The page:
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Current Uranium News and Events, Uranium News Articles.
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Not everything is ferromagnetic in high magnetic fields
High magnetic fields have a potential to modify the microscopic arrangement of magnetic moments because they overcome interactions existing in zero field. Usually, high fields exceeding a certain critical value force the moments to align in the same direction as the field leading to ferromagnetic arrangement. However, a recent study showed that this is not always the case. The experiments took place at the high-field magnet at HZB's neutron source BER II. (2020-02-10)

Prehistoric skeleton discovered in Southern Mexico
A prehistoric human skeleton found in southern Mexico is at least 10,000 years old and most likely dates from the end of the most recent ice age. An international research team led by geoscientists from Heidelberg University studied the remains of the approximately 30-year-old woman. The uranium-thorium dating technique was used to determine the age of the fossil record, which provides important clues on the early settlement history of the American continent. (2020-02-05)

Old molecule, new tricks
Fifty years ago, scientists hit upon what they thought could be the next rocket fuel. Carboranes -- molecules composed of boron, carbon and hydrogen atoms clustered together in three-dimensional shapes -- were seen as the possible basis for next-generation propellants due to their ability to release massive amounts of energy when burned. (2020-01-22)

Research supports new approach to mine reclamation
Geomorphic reclamation is a relatively novel approach intended to mimic the topography of nearby undisturbed lands, with a wide variety of terrain that is stable and less susceptible to erosion. (2020-01-21)

Unused stockpiles of nuclear waste could be more useful than we might think
Chemists have found a new use for the waste product of nuclear power -- transforming an unused stockpile into a versatile compound which could be used to create valuable commodity chemicals as well as new energy sources. (2020-01-10)

Early humans arrived in Southeast Asia later than previously believed
New dates from the World Heritage archeological site at Sangiran on the island of Java suggest that that the first appearance of Homo erectus occurred more recently than previously thought, researchers report. (2020-01-09)

Utilizing relativistic effects for laser fusion: A new approach for clean power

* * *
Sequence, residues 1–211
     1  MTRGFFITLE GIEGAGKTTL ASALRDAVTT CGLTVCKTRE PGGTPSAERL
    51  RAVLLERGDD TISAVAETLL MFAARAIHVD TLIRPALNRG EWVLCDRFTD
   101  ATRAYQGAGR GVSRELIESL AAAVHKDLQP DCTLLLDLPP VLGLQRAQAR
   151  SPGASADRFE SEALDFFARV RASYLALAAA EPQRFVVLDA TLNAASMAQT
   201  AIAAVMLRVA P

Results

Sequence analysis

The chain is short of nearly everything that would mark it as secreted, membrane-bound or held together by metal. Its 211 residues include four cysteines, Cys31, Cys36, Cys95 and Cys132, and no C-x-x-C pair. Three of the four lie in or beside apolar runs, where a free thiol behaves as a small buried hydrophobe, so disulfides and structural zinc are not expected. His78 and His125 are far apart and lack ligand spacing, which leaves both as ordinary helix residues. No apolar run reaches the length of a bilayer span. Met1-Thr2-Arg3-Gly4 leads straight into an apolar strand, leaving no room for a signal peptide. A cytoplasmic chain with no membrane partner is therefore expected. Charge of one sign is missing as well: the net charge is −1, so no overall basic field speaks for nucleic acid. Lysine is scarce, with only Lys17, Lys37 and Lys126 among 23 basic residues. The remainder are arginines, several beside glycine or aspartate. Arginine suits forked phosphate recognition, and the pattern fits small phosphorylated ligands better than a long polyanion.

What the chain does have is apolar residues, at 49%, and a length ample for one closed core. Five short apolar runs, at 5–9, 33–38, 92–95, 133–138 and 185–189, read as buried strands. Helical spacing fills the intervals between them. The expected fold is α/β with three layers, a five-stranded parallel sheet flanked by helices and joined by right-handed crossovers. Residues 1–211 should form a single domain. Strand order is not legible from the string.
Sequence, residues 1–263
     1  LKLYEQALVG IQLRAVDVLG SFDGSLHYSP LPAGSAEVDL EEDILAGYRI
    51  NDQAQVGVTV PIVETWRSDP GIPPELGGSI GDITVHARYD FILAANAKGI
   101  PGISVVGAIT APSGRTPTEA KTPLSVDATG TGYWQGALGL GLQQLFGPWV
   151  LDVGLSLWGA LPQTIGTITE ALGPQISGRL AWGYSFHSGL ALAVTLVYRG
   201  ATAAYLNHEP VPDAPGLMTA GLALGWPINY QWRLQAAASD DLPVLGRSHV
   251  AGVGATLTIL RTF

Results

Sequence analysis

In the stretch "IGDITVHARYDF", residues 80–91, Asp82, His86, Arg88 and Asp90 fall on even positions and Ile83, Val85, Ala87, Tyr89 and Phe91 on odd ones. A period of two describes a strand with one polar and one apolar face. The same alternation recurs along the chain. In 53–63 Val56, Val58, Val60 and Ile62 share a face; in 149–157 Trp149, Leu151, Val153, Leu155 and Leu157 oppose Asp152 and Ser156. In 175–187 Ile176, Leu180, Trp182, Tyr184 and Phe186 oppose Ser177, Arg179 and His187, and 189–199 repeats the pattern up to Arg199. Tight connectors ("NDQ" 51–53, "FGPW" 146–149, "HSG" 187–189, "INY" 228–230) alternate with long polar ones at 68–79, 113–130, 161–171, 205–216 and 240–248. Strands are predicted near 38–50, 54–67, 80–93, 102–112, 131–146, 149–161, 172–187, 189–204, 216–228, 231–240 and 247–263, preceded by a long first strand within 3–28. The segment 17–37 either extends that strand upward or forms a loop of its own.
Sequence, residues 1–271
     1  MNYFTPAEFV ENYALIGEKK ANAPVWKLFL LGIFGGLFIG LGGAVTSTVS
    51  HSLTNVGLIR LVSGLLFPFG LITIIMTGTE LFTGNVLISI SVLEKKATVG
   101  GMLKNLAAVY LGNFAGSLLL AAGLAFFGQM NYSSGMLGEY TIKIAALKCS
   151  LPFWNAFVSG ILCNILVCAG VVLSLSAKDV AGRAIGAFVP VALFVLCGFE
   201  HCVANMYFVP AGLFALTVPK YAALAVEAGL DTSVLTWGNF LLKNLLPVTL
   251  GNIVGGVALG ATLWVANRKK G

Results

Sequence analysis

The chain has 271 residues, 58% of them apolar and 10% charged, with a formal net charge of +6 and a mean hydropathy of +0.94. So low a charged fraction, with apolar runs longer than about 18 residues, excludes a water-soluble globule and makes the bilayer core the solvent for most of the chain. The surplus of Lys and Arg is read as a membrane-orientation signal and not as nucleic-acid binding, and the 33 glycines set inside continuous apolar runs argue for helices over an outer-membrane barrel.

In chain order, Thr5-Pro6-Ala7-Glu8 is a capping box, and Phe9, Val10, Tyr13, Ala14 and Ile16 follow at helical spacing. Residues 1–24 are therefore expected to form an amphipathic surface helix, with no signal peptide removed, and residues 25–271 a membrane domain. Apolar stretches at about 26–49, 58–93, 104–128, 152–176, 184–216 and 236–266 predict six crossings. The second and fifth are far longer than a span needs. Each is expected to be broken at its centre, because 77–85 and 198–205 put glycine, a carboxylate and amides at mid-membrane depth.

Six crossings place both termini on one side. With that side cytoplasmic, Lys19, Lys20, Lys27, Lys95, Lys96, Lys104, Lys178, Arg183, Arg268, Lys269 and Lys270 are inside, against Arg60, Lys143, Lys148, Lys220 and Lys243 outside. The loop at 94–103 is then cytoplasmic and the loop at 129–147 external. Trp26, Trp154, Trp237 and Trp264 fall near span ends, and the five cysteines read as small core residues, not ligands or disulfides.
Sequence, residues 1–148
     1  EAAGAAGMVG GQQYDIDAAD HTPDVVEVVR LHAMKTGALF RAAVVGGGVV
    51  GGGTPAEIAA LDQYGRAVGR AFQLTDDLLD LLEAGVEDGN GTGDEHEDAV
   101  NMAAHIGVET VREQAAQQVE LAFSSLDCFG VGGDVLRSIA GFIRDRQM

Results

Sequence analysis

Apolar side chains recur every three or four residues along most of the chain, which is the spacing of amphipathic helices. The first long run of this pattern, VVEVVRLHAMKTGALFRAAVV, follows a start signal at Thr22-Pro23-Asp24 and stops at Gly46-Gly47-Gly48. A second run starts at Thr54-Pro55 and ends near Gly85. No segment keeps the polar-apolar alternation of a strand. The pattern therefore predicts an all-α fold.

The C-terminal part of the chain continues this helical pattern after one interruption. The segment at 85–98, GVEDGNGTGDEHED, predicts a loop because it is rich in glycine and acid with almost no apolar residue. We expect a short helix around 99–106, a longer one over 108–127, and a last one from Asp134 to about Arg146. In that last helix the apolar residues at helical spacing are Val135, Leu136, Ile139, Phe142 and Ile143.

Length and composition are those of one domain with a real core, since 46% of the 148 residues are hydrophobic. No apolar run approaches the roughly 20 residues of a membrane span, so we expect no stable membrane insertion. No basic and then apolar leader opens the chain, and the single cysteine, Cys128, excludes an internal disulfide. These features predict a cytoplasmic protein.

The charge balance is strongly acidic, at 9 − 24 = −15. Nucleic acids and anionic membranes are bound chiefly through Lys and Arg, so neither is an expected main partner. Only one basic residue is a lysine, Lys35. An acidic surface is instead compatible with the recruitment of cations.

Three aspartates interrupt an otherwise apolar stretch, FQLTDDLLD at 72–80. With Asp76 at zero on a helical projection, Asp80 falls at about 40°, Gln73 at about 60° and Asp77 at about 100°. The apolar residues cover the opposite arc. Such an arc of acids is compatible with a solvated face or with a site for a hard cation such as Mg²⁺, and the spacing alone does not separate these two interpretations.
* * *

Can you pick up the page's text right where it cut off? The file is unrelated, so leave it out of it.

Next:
Researchers at Osaka University studied a new approach for laser nuclear fusion utilizing relativistic phenomena of intense laser light. By irradiating the ultra-intense laser light directly onto the fusion fuel, the researchers examined signs of heating of fusion fuel. This work may lead to widespread, clean fusion power. (2020-01-07)

Uranium chemistry and geological disposal of radioactive waste
A new paper to be published on Dec. 16 provides a significant new insight into our understanding of uranium biogeochemistry and could help with the UK's nuclear legacy. The recent study is the first time that researchers have shown that a uranium-sulfide complex can form under conditions representative of a deep underground environment. This complex then transforms further into highly immobile uranium oxide nanoparticles. (2019-12-16)

Researchers perfect nanoscience tool for studies of nuclear waste storage
Studying radiation chemistry and electronic structure of materials at scales smaller than nanometres, the University of Guelph team prepared samples of clay in ultra-thin layers. Working at the TRIUMF particle accelerator, they bombarded the samples with antimatter subatomic particles. They found their system is a proven tool for radiation studies of material to be used to store nuclear waste -- important for Canadian nuclear industry looking to build its first geological repository. (2019-12-12)

What felled the great Assyrian Empire? A Yale professor weighs in
The Neo-Assyrian Empire, centered in northern Iraq and extending from Iran to Egypt -- the largest empire of its time -- collapsed after more than two centuries of dominance at the fall of its capital, Nineveh, in 612 B.C.E. Despite a plethora of cuneiform textual documentation and archaeological excavations and field surveys, archaeologists and historians have been unable to explain the abruptness and finality of the historic empire's collapse. (2019-11-14)

New way to date rocks
A new way to date a common mineral could help pinpoint ore deposits and improve mineral exploration globally, according to University of Queensland scientists. (2019-11-03)

Microrobots clean up radioactive waste (video)
According to some experts, nuclear power holds great promise for meeting the world's growing energy demands without generating greenhouse gases. But scientists need to find a way to remove radioactive isotopes, both from wastewater generated by nuclear power plants and from the environment in case of a spill. Now, researchers reporting in ACS Nano have developed tiny, self-propelled robots that remove radioactive uranium from simulated wastewater. (2019-10-30)

Six degrees of nuclear separation
For the first time, Argonne scientists have printed 3D parts that pave the way to recycling up to 97 percent of the waste produced by nuclear reactors. From left to right: Peter Kozak, Andrew Breshears, M Alex Brown, co-authors of a recent Scientific Reports article detailing their breakthrough. (Image by Argonne National Laboratory.) (2019-10-11)

Rare 'Lazarus superconductivity' observed in promising, rediscovered material